Reader Beware: No Place Like Oz by Danielle Page

I don’t know much about the Oz stories.  I’ve only ever seen the original hit classic, the kind of mediocre Oz: The Great and Powerful, and the AWESOME stage play Wicked.  Still, one afternoon while browsing through a book store, I came across an interesting book:  Dorothy Must Die.  I was intrigued and, as I usually do with new authors, I decided to do research.  It was in doing this research that I came across this prequel novella to the book, No Place Like Oz.

The story follows Dorothy after the events of the original story.  She’s been living in Kansas for a while and has been celebrated for her miraculous survival of that fateful storm.  However, she finds herself distraught because of how boring her life is.  She misses Oz and all the magic and wonder she experienced there.  Well, one day after her disastrous 16th birthday, she’s given a way through a new pair of magical, blood red shoes.  And this time her Aunt Em and Uncle Henry are along for the ride.

You might be saying to yourself “Isn’t Reader Beware supposed to be talking about horror novels?  Oz books aren’t horror novels!  What madness is going through your brain, Richard?”  You’re right and I agree with you to a point.  On the surface, this book isn’t about horror, it’s about Dorothy’s return to Oz.  And yet, there are definitely elements of horror in the book.  There’s one blatant horror scene where Dorothy and her relatives are walking through a forest that wails in agony and feeds on their fear.  However, most of the horror in the story comes from a very unlikely place: Dorothy herself.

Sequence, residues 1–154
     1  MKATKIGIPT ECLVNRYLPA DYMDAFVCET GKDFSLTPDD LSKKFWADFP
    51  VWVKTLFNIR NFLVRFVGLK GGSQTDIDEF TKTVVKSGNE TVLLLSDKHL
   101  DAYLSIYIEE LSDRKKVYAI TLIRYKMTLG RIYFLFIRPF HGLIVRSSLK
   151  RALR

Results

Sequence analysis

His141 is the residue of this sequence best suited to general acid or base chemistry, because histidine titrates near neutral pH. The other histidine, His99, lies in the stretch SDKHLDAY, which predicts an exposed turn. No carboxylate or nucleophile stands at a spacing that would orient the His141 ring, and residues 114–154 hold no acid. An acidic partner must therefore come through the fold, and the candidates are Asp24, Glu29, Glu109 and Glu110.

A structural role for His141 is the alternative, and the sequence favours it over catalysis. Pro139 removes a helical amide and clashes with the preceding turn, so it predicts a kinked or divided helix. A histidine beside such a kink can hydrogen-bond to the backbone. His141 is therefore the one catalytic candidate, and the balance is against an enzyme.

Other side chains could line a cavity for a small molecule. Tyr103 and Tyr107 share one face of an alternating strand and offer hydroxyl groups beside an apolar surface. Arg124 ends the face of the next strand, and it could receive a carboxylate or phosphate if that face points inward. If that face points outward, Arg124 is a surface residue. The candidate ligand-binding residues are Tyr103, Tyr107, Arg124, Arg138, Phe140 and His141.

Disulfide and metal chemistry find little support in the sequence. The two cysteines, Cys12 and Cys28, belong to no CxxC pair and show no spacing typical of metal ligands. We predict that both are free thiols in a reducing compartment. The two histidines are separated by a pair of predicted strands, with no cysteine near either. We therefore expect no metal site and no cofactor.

At the beginning of the story, Dorothy is a strait up teenage brat.  She constantly complains that her life on the farm is boring and she feels alienated by her friends and family because of her fame.  However, once she gets the shoes and returns to Oz, you start seeing the real horror of her character.  (THE FOLLOWING IS A MINOR SPOILER.)  As Dorothy learns about the magic of the shoes, she becomes more and more corrupt to the point that she even sees her own aunt and uncle as enemies.  Her corruption grows slowly through the book until an absolutely batshit insane moment at the end.  Trust me, the development of her character through this book is horrifying.

As to the atmosphere and writing style of the book, the author has a good sense of how Oz feels to the audience (even to those who have never read about it before).  While reading it, I almost was able to picture Kansas in my head as colored in the brown and white of the film.  In contrast to that, I pictured Oz as being bright and colorful with all the quirky characters we’ve come to know and love.  However, because this IS set after the initial journey, the main side characters have gone through some changes.  Tin Man is overly emotional, Scarecrow is very chatty, and the no-longer-cowardly Lion is an outright brute.  Still, these changes for what they were felt natural for these characters in this particular book.

In the end, this is a very solid introduction to this series.  The book overall felt like a gritty reboot of Oz rather than an outright sequel, which is good.  The atmosphere feels fantastical and tense in all the right places.  Dorothy becomes outright terrifying.  I can only hope that the main book, Dorothy Must Die, feels just as tense as this one did.  Or else, I may need to drop a house on the author…


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